Evolving funerary preferences have meant decreased revenues for funeral homes, once a mainstay of American culture. The Funeral Service Foundation approached Olson Zaltman to bring their organization in sync with public sentiment.
We began with a thorough audit of FSF's existing knowledge set, and determined that the study would focus on Boomers, their primary target. We then developed a two-part ZMET® question to qualitatively explore the metaphors underlying:
Peoples' thoughts and feeling about traditional funerals
Their own end-of-life preparations
We conducted a standard analysis, the results of which were verified using IAT, our implicit association tool for quantitative cognitive measurement.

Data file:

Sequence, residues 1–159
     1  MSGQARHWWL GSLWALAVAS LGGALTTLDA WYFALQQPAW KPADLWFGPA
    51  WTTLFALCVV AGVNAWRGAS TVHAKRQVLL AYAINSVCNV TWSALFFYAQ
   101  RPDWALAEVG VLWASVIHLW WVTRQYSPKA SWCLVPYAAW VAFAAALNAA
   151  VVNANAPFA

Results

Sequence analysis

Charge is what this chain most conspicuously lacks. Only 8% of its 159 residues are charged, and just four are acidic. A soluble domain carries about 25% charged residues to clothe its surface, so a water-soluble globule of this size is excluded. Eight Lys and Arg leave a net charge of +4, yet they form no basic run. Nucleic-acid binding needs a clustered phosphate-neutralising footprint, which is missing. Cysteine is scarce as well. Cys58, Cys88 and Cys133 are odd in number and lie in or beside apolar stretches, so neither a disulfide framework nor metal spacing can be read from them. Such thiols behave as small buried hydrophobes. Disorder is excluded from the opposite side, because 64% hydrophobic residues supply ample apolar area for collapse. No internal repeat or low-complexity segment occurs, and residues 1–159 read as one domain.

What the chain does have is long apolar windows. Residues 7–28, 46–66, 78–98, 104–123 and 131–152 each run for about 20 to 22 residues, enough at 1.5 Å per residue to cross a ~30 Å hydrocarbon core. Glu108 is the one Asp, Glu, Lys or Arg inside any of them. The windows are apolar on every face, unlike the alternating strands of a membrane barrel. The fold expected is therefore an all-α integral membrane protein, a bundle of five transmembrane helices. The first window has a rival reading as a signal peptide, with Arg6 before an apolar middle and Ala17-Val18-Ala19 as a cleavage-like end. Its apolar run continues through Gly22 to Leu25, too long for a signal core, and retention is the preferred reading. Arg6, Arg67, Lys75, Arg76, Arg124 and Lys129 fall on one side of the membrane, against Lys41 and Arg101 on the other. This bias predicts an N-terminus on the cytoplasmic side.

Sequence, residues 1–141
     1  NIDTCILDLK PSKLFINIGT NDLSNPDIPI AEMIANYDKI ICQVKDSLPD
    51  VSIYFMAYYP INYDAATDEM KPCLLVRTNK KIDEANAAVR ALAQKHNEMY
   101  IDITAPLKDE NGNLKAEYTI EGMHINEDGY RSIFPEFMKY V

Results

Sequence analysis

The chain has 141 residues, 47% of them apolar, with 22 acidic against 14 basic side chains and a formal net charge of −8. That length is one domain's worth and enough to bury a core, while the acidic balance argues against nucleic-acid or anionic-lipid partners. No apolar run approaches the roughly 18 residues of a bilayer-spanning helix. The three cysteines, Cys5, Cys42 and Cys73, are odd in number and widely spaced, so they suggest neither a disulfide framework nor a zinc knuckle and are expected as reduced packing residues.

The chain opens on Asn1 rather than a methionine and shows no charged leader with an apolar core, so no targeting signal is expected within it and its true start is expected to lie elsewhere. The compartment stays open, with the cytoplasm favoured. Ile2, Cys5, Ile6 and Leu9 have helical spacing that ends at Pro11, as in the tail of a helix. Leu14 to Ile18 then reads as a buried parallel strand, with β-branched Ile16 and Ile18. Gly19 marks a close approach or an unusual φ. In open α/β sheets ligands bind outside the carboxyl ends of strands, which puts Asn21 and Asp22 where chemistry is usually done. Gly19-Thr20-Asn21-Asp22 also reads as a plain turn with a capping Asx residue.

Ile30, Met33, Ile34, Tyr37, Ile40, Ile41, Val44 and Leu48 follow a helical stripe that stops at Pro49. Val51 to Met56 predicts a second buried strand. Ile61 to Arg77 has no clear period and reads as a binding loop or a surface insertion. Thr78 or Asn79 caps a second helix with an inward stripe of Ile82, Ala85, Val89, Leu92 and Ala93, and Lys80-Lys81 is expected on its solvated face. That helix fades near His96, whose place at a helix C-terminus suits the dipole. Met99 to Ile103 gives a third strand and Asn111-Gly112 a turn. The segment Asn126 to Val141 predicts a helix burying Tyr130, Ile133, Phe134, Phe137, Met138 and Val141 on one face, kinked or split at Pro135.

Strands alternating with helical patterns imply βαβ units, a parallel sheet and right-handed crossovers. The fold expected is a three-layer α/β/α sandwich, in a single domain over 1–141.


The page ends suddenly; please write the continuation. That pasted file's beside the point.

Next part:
In the category of Boomers' own end-of-life preparations, six key themes emerged:
"I WANT IT TO BE RECOGNIZED THAT I DID LIVE AT ONE TIME."
People are looking for personalized, warm, connected services, and associate the funeral category with loss, mourning, and sadness.
Because FSF is a foundation with many members, our insights were applied to a variety of innovations. One of FSF's members, Aurora, which sells over a third of all caskets in the U.S., partnered with K2 Digital to create beremembered.com, where people can create a bucket list, life timeline, and end-of-life plan.